I arrived in Lourdes last Summer, as I neared the end of completing a Masters in International Law. It had been an intense year; a once in a lifetime opportunity to return to my studies and I had given the year my absolute all. The reward of this was the opportunity to present research with UN Women in Washington D.C, a fully funded PhD scholarship and many other exciting things. The hard work had paid off, yes, but the reality of this, was that I arrived in Lourdes not only exhausted, but also with a hardened heart and coldness in me which I didn’t like but also didn’t know how to shake off. I had spent the best part of the year doing whatever I wanted to do, doing whatever Law School wanted me to do and not doing what the Lord wanted me to do and that came at a cost I didn’t see coming.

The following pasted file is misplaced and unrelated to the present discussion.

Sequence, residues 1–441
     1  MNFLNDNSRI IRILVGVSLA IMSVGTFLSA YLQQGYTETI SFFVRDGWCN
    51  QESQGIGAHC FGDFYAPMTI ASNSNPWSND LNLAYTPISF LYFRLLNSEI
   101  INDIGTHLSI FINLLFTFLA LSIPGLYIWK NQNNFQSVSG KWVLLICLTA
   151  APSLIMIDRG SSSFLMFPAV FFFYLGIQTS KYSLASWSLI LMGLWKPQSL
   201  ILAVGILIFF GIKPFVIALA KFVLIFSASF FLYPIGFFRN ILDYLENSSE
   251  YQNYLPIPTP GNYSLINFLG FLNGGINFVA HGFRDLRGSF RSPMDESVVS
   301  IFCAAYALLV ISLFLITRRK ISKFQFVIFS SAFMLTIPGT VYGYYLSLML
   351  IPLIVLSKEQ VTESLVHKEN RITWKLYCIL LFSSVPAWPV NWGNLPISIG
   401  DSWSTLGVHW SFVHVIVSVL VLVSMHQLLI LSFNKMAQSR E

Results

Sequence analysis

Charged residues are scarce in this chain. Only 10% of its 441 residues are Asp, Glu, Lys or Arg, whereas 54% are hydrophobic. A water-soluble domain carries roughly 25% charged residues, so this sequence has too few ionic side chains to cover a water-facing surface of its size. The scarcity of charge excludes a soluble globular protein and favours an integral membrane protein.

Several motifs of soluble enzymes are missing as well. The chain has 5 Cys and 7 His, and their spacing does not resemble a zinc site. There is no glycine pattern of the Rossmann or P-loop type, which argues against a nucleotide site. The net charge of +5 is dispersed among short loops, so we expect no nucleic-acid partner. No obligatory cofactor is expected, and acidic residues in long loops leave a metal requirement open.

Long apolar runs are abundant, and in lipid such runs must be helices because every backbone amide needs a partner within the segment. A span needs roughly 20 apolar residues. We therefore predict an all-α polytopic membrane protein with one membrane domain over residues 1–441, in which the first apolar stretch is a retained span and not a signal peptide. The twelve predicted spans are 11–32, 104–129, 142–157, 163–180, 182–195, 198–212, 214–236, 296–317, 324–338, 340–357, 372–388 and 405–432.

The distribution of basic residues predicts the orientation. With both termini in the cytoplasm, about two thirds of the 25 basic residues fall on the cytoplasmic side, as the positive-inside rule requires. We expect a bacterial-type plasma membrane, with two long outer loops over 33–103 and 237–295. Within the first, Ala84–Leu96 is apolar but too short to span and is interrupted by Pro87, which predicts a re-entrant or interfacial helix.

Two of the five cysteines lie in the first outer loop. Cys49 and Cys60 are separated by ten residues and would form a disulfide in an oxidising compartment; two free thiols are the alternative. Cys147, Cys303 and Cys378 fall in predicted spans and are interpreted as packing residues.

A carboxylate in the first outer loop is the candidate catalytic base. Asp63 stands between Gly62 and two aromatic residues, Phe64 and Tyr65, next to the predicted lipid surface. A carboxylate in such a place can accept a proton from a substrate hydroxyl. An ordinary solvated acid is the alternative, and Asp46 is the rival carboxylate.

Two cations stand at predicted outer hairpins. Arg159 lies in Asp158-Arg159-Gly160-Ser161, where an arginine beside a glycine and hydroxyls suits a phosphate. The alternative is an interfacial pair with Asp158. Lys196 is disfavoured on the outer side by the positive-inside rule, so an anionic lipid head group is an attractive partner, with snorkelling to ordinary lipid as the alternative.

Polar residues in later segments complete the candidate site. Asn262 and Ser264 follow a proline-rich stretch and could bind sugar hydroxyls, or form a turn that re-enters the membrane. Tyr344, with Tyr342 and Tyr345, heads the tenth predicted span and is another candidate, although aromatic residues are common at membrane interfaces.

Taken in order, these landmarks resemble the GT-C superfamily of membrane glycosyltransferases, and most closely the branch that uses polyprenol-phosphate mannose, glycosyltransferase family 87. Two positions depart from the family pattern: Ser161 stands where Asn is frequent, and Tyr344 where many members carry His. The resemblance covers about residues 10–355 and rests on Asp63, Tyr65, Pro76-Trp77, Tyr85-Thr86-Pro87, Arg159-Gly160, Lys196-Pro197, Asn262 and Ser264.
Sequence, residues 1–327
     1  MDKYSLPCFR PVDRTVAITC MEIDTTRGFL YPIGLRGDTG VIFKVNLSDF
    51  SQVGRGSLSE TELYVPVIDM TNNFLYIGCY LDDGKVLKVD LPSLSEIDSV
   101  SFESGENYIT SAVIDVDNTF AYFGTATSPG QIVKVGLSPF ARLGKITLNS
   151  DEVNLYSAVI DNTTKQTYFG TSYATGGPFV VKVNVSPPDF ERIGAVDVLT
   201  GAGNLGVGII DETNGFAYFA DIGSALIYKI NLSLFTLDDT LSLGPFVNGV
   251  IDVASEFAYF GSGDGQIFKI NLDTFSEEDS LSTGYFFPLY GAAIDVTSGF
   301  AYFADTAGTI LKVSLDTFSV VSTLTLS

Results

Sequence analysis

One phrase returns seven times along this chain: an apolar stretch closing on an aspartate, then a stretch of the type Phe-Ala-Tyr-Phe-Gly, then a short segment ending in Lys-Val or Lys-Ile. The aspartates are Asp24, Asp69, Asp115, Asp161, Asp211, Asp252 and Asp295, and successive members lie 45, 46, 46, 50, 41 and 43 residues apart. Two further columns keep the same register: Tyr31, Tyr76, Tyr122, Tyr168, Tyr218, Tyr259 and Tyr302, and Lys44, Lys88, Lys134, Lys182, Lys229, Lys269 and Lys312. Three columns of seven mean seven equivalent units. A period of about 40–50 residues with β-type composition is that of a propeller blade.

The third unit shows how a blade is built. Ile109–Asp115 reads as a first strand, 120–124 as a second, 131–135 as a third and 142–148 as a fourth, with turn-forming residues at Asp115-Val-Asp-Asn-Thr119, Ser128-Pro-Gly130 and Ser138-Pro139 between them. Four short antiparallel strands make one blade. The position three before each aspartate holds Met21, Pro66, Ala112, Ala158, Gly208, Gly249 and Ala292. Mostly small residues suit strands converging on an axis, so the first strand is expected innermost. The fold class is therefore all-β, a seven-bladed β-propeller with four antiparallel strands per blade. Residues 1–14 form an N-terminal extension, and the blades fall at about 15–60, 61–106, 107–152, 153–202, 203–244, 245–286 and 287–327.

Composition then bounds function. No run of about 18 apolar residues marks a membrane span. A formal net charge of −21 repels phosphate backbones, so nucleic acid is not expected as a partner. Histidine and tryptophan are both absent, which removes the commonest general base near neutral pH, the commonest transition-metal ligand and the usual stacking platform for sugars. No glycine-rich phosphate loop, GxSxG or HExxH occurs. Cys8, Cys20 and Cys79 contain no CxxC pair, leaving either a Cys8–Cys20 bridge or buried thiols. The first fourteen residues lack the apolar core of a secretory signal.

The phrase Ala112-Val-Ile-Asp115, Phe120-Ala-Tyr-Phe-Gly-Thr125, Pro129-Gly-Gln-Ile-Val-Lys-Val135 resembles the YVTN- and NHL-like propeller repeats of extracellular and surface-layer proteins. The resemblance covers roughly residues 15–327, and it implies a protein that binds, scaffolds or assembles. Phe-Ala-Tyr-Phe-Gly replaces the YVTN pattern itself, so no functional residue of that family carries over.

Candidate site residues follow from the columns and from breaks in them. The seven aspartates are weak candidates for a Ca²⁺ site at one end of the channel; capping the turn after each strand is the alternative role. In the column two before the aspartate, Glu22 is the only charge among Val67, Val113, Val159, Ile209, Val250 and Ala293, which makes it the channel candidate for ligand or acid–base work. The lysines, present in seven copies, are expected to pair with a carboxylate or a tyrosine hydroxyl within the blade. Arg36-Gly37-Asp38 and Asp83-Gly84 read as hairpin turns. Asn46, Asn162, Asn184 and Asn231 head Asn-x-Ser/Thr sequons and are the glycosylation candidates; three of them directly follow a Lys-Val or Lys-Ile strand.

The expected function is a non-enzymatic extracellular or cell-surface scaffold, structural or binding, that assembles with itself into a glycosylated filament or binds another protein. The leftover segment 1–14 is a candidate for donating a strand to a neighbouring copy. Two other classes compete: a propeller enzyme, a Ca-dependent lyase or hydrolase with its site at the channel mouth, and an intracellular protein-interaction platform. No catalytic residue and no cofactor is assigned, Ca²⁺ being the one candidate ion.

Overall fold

Yet through a simple act of service in Lourdes, by helping incredibly sick pilgrims bathe in the miraculous waters, I felt Our Lady begin to speak to my heart. The work in the baths is challenging, you see many disturbing things and really do touch humanity in all its rawness. Each shift we begin by kissing the floor; in humility for the work we are about to undertake, in penance for sinner and in reverence of the holy ground we stand on as the sick really are the presence of Jesus Christ among us. This humility and service, goes against the grain of the world, but it really is the Jesus way. It certainly flew in the face of the culture I was so caught up in at Law School. One thing that never ceases to amaze me in Lourdes, is that you go to help others and you quickly realise that you are the one in most need of help and healing. It’s a strange paradox. And through this simple act of service, done to help pilgrims respond to Our Lady’s call to come and wash in the waters, the disunity in my life became more apparent, I felt my heart begin to soften and some of that hardness fade a little.